In Round One, each poet has a three minute time slot in which to impress us. No props, no music, just three minutes to share an original work. The five judges score the performance based on an Olympic style card system0 to 10 written in blue marker on a card held up from our chairs in the audience. And, just like the Olympics, part of the score is based on technique of how well words were combined to deliver a point, and part on performance, how eloquently and passionately these words were delivered. The highest and lowest scores are discarded, after being cheered and booed at respectively, and the remaining three scores are combined. If the timer guy says you went over three minutes, points are subtracted from this score. Big points. This keeps poets from rambling on. Then, for Round Two, repeat. Same poets, different poems. A poet's total score from both rounds will be used to compete for prizes. Cash prizes even.
And so, with a bit of reluctance and darn few qualifications, I was now a judge. Rich beamed.
After introducing the event to the audience a few moments later, Rich performed a sample piece to show us how the process all worked. Launching into a poem about road rage, he filled the air with loud images of angry drivers, traffic jams, honking, and cursing. Speaking quickly, waving his arms, his eyes flashed. Then, his voice dropping to a quiet introspection, he asked gently, "What's it all about? What would happen," he wondered, "if you were to get out and just give the guy stuck behind you a big hug?" With a mischievous grin and a flourish, he was done. The audience erupted into applause, and we judges presented our scores. The timekeeper verified the time limit, and our demonstration was over.
The poets who competed that afternoon were, in a word, awesome. Again I revised my opinion about what I thought I was interested in learning. I yearned to perform in a slam. I wanted to entertain an audience like that.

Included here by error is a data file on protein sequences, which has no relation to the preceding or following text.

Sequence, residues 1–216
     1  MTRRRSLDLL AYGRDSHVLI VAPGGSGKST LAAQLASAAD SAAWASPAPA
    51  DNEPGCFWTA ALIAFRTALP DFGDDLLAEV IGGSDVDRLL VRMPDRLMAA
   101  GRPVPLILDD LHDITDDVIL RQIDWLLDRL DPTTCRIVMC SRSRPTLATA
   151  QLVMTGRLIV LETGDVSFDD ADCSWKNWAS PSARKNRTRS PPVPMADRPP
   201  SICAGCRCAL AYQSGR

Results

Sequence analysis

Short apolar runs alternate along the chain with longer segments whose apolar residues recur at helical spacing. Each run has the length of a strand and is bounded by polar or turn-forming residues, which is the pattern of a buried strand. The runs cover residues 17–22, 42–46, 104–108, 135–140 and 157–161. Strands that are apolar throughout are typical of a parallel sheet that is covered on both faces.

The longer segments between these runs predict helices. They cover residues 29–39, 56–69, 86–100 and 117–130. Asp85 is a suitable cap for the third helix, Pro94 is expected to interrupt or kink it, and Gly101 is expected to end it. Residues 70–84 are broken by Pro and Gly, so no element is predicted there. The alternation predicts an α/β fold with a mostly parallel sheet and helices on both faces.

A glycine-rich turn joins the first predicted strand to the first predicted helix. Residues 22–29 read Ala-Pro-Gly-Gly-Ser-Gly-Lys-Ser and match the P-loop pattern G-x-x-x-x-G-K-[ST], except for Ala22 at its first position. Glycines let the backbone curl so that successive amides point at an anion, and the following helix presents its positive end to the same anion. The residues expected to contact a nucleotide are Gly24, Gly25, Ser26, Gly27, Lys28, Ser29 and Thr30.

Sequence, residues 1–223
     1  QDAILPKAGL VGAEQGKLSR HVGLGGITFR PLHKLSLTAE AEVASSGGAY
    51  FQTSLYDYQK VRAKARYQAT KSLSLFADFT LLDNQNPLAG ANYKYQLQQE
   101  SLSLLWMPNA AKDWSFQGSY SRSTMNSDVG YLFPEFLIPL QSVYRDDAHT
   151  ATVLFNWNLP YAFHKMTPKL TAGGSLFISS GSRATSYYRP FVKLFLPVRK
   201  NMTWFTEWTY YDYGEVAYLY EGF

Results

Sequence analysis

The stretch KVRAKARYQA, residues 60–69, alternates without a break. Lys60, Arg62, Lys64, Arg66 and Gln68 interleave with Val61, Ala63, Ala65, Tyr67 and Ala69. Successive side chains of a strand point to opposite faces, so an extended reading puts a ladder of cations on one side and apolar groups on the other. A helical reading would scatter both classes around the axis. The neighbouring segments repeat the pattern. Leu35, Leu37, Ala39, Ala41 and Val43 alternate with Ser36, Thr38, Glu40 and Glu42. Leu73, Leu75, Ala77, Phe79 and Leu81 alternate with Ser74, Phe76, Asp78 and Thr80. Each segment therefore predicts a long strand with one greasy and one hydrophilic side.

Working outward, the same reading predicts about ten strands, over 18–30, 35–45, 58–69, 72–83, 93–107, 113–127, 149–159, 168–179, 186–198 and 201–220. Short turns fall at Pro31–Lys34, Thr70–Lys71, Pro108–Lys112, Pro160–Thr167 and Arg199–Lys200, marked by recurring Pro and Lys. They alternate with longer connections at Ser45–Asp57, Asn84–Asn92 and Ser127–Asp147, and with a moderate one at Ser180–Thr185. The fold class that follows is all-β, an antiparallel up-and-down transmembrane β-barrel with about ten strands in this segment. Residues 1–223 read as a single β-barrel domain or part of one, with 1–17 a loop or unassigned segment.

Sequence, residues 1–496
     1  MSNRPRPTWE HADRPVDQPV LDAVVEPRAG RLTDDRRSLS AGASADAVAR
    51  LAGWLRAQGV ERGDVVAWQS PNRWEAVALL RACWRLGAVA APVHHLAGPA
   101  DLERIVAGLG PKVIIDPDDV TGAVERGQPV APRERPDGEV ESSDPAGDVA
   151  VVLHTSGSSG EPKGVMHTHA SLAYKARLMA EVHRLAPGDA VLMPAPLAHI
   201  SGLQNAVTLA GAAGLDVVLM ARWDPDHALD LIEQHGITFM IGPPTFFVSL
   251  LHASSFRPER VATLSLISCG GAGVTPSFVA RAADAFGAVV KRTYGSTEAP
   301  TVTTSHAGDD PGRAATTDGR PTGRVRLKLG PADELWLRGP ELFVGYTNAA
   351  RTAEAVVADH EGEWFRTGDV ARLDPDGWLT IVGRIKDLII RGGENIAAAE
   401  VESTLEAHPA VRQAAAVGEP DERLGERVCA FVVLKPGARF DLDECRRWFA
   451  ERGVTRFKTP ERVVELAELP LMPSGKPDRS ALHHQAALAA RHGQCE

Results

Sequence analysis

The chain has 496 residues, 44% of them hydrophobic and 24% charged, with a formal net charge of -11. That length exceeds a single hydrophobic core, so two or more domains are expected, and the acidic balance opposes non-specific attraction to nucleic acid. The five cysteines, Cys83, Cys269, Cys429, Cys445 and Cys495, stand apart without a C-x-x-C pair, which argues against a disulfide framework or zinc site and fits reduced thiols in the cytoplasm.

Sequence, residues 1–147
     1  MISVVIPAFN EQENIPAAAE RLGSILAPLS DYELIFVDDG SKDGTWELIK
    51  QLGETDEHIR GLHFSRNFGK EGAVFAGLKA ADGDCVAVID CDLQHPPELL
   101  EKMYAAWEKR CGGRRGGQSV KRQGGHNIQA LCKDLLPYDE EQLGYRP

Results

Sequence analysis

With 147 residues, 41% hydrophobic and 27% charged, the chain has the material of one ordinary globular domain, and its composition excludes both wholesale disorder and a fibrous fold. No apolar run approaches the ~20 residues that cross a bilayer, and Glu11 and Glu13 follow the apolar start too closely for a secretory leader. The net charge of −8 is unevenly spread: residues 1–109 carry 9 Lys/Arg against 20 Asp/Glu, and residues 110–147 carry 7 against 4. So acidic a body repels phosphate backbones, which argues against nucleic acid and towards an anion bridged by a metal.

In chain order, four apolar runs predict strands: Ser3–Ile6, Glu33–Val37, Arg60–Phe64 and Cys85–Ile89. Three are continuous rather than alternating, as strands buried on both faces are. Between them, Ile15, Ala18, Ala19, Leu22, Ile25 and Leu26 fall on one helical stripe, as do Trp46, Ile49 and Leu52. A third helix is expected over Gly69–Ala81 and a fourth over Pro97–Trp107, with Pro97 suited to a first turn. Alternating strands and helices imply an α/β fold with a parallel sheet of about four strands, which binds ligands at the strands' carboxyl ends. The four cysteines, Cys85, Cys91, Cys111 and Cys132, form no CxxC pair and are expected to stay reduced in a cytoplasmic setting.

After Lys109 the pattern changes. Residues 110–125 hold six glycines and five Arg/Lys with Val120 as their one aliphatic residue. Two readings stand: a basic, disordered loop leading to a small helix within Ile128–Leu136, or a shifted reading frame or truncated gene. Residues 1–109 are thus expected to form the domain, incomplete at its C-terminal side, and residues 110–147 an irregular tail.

The Chicago Tribune proclaimed, "The entertainerrarely had that word been applied to a poet until Marc Smith created the slam." Marc was a construction worker with a skill for wielding words as well as a hammer. In founding the slam style of poetry back in 1985 in Chicago, he says, "I looked for people who had a flair for performance... that was the new direction." Well, Marc, we've got an abundance of flair in Rehoboth!
Rich Boucher will be back to host the upcoming slam at the Rehoboth Art League. With over 10 years experience performing at open mikes and features throughout the United States and a member of three national poetry slam teams, this is a man who knows how to slam. He's a published author and the ongoing host of the Tuesday night Poetry Open Mike and Slam since 1997, now held at the Art House in Newark. More than that, he's a great M.C. who knows how to show an audience a good time.
Because of space limitations, reservations are required. Call early to reserve your seats at 302-227-8408.For more information about poetry slams, see the following websites: www.poetryslam.com; www.worddancing.com, and www.e-poets.net/library/slam/index.html
LETTERS From CAMP Rehoboth, Vol. 11, No. 13, September 21, 2001.